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As an undergraduate at Treverton College in Mooi River, South Africa, Lars Svensson, MD, PhD, excelled in academics as well as team sports. Both taught him leadership skills he carried into his career as an internationally known cardiovascular and thoracic surgeon.
Sports provides strong grounding in qualities leaders need later in life, he says.
“You learn to win but you also learn to lose,” Dr. Svensson said during a recent interview with Brian Bolwell, MD, for the “Beyond Leadership” podcast. “And even if you lose, you’ve learned something and so you hopefully are in a better shape for the next time.”
Dr. Svensson is Chair of the Sydell and Arnold Miller Family Heart, Vascular & Thoracic Institute at Cleveland Clinic. In the podcast, he discusses his leadership philosophy, the importance of communication, leading through change and more.
Dr. Bolwell: When were you named chairman of the department and how did that occur?
Dr. Svensson: At the beginning of 2015, I was made chairman and it was a tremendous privilege to get that position. I’d obviously benefited from having great mentors in [Drs.] Fred Loop and Toby Cosgrove and Bruce Lytle, who I knew from my training here initially, and then [Drs.] Stanley Crawford and Michael DeBakey in Houston. So I had wonderful role models and people who were encouraging and helped me on my journey.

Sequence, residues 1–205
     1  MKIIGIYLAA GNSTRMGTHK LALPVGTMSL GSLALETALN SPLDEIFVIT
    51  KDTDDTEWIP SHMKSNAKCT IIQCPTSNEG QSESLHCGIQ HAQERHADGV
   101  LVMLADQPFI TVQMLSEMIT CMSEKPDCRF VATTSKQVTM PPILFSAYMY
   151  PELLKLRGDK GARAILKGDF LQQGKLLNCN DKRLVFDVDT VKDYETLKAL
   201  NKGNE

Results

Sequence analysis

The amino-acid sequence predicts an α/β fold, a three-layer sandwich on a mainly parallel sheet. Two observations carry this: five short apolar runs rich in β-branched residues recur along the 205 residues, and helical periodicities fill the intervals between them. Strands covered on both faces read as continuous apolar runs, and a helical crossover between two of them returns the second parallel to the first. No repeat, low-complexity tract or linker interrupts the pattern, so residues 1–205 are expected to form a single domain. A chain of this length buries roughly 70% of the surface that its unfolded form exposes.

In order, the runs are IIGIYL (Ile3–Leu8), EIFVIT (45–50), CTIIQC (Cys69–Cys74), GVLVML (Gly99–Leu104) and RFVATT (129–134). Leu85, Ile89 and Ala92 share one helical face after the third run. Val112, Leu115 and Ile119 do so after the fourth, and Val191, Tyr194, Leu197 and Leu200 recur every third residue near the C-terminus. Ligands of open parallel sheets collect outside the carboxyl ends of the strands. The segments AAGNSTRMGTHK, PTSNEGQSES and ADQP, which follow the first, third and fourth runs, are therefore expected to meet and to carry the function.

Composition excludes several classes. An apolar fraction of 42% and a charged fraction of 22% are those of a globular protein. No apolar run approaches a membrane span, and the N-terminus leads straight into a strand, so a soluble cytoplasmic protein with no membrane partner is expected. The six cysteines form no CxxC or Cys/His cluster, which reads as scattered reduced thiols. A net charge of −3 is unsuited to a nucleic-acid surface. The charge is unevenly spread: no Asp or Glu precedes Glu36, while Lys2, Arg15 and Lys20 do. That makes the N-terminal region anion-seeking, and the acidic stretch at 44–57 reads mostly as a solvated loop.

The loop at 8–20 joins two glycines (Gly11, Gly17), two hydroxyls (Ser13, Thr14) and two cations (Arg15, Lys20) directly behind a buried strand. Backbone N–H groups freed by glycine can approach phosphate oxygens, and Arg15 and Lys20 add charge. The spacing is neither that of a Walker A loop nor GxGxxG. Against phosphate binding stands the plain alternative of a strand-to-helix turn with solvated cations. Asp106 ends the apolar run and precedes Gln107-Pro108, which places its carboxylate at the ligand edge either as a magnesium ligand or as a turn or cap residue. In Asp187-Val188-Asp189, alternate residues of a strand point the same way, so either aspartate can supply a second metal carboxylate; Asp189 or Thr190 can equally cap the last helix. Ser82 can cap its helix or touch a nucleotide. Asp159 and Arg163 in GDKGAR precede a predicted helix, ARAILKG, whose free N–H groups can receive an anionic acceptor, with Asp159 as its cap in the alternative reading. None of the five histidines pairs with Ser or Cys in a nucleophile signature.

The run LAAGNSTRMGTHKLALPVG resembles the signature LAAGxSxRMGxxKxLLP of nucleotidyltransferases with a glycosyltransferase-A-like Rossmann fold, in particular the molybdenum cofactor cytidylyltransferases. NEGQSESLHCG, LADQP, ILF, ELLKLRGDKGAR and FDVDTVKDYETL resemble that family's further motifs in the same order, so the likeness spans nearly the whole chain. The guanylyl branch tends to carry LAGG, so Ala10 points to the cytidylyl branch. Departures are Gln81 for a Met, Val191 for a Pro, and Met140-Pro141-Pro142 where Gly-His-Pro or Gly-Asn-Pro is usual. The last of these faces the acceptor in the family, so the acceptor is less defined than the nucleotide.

Dr. Bolwell: You go from being a world-renowned heart surgeon, which is a leadership job in terms of the team, folks in the operating room, etc., … to running this institute.
Dr. Svensson: I think the principles still apply, and I would say that I learned a lot on the sports field when it came to rugby and cricket and athletics. At Treverton College, I was in an unusual position in that I did well academically but also in sports. We were involved in putting together teams like a national science conference but also putting together sports teams like rugby.
I think rugby and American football and a lot of team sports are a great place to learn a lot of skills and what you have to deal with – finding the right capabilities of people, the cognitive abilities, people who get on well together, communicating well together and giving them guidance, and then coaching them.